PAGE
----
CASHBOX Magazine has a rich history dating back to the 1940's. As you can imagine thousands of artists have passed through our doors. You can see them in our archivepages. We realized that for various reasons many deserving artists quickly became a thing of the past and have long been forgotten. Others have continued to stay in the mainstream to this day. With the New CASHBOX Hall Of Fame we are going to level the playing field and awards will be presented based on strict criteria by industry veterans.
Initially we will present awards for those still alive from the 30's forward. We will also induct four posthumous awards each month. Inductees will be chosen by industry professionals at CASHBOX and Record World Magazine as well as outside music veterans who have been instrumental in driving this initiative.
Our goal is simple. Give recognition that is earned, not bought while creating a music ecosystem that is genre based and NOT a melting pot of other Hall of Fame collections. It will be accurate, consistent and we will also reach out to the public for their input and suggestions.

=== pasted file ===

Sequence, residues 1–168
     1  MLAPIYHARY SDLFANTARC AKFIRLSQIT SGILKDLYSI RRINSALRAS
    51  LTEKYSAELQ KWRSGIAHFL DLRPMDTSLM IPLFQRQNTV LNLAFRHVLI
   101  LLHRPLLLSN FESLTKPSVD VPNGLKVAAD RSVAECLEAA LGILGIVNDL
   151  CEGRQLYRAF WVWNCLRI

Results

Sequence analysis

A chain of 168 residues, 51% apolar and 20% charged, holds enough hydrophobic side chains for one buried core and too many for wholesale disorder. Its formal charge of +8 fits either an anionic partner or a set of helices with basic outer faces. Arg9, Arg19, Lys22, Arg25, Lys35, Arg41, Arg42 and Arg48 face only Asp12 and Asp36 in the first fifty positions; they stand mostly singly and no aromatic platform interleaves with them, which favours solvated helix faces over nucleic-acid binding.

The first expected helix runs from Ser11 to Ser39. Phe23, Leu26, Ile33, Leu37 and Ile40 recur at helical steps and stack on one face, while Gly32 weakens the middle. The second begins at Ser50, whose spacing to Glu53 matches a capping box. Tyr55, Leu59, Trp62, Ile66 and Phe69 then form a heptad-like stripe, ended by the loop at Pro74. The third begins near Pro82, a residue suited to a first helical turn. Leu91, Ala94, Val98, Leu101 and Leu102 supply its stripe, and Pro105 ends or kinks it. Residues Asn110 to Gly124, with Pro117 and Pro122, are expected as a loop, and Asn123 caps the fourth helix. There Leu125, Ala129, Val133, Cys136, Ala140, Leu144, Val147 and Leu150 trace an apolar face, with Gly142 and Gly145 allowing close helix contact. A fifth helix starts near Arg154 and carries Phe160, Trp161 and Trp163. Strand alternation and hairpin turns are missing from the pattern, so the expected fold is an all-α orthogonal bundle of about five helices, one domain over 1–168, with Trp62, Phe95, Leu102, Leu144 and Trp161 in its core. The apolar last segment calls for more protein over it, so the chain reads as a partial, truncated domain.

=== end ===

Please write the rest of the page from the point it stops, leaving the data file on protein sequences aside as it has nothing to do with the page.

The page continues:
We believe that this interactive approach will build excitement and recognition around the world.
Burl Ives was one of six children born to a Scottish-Irish farming family. He first sang in public for a soldiers' reunion when he was age 4. In high school, he learned the banjo and played fullback, intending to become a football coach when he enrolled at Eastern Illinois State Teacher's College in 1927. He dropped out in 1930 and wandered, hitching rides, doing odd jobs, street singing.
Summer stock in the late 1930s led to a job with CBS radio in 1940; through his "Wayfaring Stranger" he popularized many of the folksongs he had collected in his travels. By the 1960s, he had hits on both popular and country charts. He recorded over 30 albums for Decca and another dozen for Columbia. In 1964 he was singer-narrator of Rudolph the Red-Nosed Reindeer (1964)